Marsh Hawk Review is an online poetry journal sponsored by the Marsh Hawk Press collective. Marsh Hawk Review will appear twice a year, under the revolving editorship of collective members. Each issue will offer a selection of poems solicited by the editor, in addition to new work posted by poets in the collective.

Sunday, September 21, 2008

Kristin Prevallet

  

Upside Down

Yellow petals collapse to purple seeds.

A black rock in the middle of the table.

Two chairs pulled up on either side.

One glass half filled with water.

One cup half filled with tea.

One bowl with traces of yogurt around the sides.

A window reflecting black.

White curtains bunched in the center.

An old fur collar clasped around the rim of a lampshade.

A stick of incense propped against a deer’s vertebrae.

An empty jewelry box I can’t decide whether to keep, or throw away.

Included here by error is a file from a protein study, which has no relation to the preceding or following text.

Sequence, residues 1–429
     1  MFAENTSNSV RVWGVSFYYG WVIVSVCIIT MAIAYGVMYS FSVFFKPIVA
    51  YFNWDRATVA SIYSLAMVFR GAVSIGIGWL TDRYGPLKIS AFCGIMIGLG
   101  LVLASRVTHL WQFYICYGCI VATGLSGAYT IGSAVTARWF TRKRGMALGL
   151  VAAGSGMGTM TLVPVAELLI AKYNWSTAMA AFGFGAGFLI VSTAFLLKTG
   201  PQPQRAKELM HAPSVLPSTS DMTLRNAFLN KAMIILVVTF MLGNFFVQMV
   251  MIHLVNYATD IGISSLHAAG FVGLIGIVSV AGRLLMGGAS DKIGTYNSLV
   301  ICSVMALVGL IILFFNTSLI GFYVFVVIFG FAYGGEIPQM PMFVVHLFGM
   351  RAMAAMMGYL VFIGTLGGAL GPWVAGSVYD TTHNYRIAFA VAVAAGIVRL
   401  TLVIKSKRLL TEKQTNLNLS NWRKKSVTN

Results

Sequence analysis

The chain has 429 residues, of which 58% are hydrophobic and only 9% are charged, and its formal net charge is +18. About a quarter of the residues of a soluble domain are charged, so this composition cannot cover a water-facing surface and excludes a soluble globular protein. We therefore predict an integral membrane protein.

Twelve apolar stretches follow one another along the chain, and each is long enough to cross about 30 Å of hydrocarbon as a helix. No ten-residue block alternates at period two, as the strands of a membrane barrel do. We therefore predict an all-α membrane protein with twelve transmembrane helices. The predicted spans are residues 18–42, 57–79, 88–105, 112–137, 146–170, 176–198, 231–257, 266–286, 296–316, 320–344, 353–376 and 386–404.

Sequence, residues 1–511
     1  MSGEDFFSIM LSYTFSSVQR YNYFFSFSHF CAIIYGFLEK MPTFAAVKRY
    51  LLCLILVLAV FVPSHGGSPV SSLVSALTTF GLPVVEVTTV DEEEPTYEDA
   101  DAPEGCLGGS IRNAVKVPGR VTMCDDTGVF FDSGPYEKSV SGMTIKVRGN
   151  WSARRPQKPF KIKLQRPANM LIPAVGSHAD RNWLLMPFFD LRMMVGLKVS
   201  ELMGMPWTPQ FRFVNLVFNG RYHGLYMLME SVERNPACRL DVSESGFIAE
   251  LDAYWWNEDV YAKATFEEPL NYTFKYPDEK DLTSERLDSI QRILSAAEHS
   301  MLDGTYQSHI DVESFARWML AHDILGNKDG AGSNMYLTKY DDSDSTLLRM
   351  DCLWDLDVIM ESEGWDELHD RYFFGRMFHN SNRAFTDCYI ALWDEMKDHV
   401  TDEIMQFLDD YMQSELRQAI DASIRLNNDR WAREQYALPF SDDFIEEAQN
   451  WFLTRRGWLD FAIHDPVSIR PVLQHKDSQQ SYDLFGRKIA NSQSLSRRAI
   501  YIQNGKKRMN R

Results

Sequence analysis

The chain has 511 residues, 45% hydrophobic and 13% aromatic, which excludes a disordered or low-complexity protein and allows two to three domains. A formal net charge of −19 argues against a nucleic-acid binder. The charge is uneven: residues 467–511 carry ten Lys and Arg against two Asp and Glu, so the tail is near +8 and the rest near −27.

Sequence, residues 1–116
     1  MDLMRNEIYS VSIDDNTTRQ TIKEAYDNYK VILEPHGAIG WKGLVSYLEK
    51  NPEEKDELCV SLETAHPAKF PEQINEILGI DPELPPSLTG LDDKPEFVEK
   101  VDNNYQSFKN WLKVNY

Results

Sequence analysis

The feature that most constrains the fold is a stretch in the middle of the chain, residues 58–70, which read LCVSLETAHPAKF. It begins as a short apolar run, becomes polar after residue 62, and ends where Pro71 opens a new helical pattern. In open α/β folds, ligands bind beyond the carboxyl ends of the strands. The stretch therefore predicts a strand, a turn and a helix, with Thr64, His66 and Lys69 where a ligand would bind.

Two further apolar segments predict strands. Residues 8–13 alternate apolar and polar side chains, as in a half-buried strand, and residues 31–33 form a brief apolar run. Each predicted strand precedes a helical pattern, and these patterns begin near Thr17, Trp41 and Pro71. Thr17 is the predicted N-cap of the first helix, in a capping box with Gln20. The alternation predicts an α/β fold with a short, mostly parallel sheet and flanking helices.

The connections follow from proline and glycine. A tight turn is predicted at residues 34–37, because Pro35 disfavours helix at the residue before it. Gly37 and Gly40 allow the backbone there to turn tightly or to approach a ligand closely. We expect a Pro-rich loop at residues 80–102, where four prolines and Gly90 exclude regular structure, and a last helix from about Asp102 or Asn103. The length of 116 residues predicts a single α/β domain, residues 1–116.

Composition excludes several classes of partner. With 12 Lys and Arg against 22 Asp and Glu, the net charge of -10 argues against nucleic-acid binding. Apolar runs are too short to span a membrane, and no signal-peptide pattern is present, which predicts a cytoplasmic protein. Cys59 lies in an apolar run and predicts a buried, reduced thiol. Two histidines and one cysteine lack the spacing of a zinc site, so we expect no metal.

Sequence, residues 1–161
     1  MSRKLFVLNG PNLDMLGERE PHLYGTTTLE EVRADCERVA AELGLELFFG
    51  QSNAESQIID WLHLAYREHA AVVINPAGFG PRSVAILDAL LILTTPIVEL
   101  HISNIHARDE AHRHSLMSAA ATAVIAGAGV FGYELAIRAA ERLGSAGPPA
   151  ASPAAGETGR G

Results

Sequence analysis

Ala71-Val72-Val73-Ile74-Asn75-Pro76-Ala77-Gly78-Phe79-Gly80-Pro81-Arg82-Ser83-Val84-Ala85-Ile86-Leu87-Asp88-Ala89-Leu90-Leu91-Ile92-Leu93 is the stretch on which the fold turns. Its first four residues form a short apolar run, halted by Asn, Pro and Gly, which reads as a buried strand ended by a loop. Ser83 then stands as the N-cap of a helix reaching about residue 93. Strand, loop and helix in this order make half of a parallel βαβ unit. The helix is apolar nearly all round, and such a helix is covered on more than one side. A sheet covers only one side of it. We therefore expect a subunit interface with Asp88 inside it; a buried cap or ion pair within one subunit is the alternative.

A wire screen.

The side of another house.

A clothesline that connects two trees.

There are red hand towels and white underwear alternating on the line.

The shadow of the line is at a 80 degree angle against the house.

One cup with the cold remains of coffee.

The newspaper wide open, “The Story of the Icon” waits to be read.

The dirt piling up beneath the spider web in the corner.

The bed loosely made, still untucked.

Between two people, a variable distance.


Distance

Memory of the room: foggy.

Yellow and possibly brown fungi growing behind the chair.

To describe any further would mean that I am living the inverse of this reality.

As inverse as it gets, without breaking into poetry.

I remember the sun was hours from rising.

The meal was soggy from lack of cabin pressure.

The oxygen masks had not yet been deployed.

I remember there were lights, or the hint of an illumination that eased into the room like silver.

The silver made sense as a sign of peace.

Between us, the sun had set in wrath.

Yellow was a reminder of daylight: the unattainable brought on by an awakening.

The logic of our weathered past was lightening.

Steel bolts that may have fixed the chair, but made it attract the wrong kind of electricity.

I remember being spiked on many occasions.

I blamed circumstance, and environmental conditions.

But the wrong memory had taken over the landscape:

This story was supposed to be about love.

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